State Theatre, Arts Centre Melbourne
December 31, 2017
Bobby Darin (1936 – 1973) was a Grammy award-winning performer, actor, political activist, entrepreneur, and composer. His song-writing credits included such hits as ‘I’ll Be There’, ‘Multiplication’, ‘Simple Songs Of Freedom’, ‘Splish Splash’, ‘Things’, and ‘Dream Lover’.
Further still, the multi-talented artist was known for his iconic covers of ‘Don’t Rain On My Parade’, ’Mack The Knife’, and ‘Beyond The Sea’.
Darin also tried his hand at film, featuring in Pressure Point (where he was nominated for a Golden Globe) and Captain Newman M.D (where he was nominated for an Academy Award).
His magnetic public persona, however, was underscored by a turbulent and unstable personal life.
During childhood, he suffered from rheumatic fever, resulting in severe heart damage. Perhaps, because of this debilitating affliction, it instilled in him while he could, intense drive and determination to make the most of every professional opportunity.
As a grown-up, Darin had several high – profile romances, firstly with Connie Francis, and secondly, with Sandra Dee. The latter relationship resulted in the couple marrying when Dee was only sixteen, having a child together, but ultimately divorcing.
Darin’s world was also rocked by a deep family secret. This shocking revelation in fact, caused him to withdraw from the public eye for several years thereafter.
Given Darin’s immense talent and the ongoing drama surrounding him, it seemed only logical to bring his story to gripping life.
The locally-produced musical, Dream Lover, is the slick and stunning, end result of that process.
Together, co-writers, Frank Howson and John Michael Howson, have created a balanced, tidy and accessible concept and book. Their intelligently-formulated vision incorporates over forty tunes from Darin’s extensive catalogue, as well as other familiar songs from the period, to define and drive the show’s powerful journey. Where act one focusses on Darin’s meteoric rise to fame, act two details his personal challenges in searing depth.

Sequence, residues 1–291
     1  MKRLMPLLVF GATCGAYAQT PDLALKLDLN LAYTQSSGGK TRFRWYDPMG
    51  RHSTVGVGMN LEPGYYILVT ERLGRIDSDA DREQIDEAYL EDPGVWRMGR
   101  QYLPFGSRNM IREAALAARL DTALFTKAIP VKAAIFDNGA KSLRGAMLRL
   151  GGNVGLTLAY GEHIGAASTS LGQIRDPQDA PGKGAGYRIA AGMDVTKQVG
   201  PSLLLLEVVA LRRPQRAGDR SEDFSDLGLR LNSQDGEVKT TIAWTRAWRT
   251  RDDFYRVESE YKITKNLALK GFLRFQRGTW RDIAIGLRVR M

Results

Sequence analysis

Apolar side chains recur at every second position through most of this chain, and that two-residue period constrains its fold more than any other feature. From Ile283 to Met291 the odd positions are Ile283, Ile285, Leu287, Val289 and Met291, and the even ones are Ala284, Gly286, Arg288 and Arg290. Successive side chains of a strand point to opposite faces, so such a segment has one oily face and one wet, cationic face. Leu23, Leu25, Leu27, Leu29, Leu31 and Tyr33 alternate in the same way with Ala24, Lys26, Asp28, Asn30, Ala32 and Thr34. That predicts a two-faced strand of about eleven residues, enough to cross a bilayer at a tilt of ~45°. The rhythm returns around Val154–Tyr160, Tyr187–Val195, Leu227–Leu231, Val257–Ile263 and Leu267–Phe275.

With public interest in retro-pop riding high, Dream Lover’s timing could not be more perfect. Similar musicals such as Beautiful (about the life and music of Carole King) and the revival of Jersey Boys (about The Four Seasons), are also playing in selected capital cities this year.
Following a triumphant debut season in Sydney at this time last year, Dream Lover will be playing for a strictly-limited ten week run at the Art Centre Melbourne’s State Theatre.
From a musical, performance, technical and creative standpoint, this is an expertly-crafted experience on every level. It is the perfect example of ‘taking a village’ to make a project of this magnitude, look effortless.
Direction from Simon Phillips, allows the experience to cover vast emotional territory, yet always keeps the pace smooth and tight. Richard Montgomery’s seamless musical direction, intertwines each song with ease into the linear narrative. It is apparent that every number has been chosen with special consideration, to tell Darin’s story.
Brian Thomson’s gigantic, tiered set design fills the State Theatre’s vast stage. Trimmed with hundreds of colourful light globes, he has reinforced Darin’s musical legacy with showroom savvy. Think Radio City Music Hall meets The Sands Hotel or likewise, and you will get the idea.